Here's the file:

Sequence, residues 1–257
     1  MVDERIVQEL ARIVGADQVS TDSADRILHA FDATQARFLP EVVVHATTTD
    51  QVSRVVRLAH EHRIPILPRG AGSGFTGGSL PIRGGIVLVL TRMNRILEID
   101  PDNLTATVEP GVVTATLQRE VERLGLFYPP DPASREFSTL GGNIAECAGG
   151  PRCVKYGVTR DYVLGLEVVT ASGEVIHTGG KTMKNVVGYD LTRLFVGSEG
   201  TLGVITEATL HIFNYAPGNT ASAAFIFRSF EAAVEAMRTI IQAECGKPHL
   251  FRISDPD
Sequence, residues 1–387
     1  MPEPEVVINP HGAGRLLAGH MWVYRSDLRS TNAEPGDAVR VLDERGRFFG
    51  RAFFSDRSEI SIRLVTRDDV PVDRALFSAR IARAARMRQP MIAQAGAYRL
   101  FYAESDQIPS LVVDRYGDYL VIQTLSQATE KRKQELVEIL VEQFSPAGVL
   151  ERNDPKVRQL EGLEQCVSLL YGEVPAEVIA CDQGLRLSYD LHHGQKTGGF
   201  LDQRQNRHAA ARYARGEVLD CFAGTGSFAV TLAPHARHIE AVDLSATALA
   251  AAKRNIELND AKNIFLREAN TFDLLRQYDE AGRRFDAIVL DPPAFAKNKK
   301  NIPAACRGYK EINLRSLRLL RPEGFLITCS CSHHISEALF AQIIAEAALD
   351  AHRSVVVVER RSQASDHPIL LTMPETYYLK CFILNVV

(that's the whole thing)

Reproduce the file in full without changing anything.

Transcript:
Sequence, residues 1–257
     1  MVDERIVQEL ARIVGADQVS TDSADRILHA FDATQARFLP EVVVHATTTD
    51  QVSRVVRLAH EHRIPILPRG AGSGFTGGSL PIRGGIVLVL TRMNRILEID
   101  PDNLTATVEP GVVTATLQRE VERLGLFYPP DPASREFSTL GGNIAECAGG
   151  PRCVKYGVTR DYVLGLEVVT ASGEVIHTGG KTMKNVVGYD LTRLFVGSEG
   201  TLGVITEATL HIFNYAPGNT ASAAFIFRSF EAAVEAMRTI IQAECGKPHL
   251  FRISDPD
Sequence, residues 1–387
     1  MPEPEVVINP HGAGRLLAGH MWVYRSDLRS TNAEPGDAVR VLDERGRFFG
    51  RAFFSDRSEI SIRLVTRDDV PVDRALFSAR IARAARMRQP MIAQAGAYRL
   101  FYAESDQIPS LVVDRYGDYL VIQTLSQATE KRKQELVEIL VEQFSPAGVL
   151  ERNDPKVRQL EGLEQCVSLL YGEVPAEVIA CDQGLRLSYD LHHGQKTGGF
   201  LDQRQNRHAA ARYARGEVLD CFAGTGSFAV TLAPHARHIE AVDLSATALA
   251  AAKRNIELND AKNIFLREAN TFDLLRQYDE AGRRFDAIVL DPPAFAKNKK
   301  NIPAACRGYK EINLRSLRLL RPEGFLITCS CSHHISEALF AQIIAEAALD
   351  AHRSVVVVER RSQASDHPIL LTMPETYYLK CFILNVV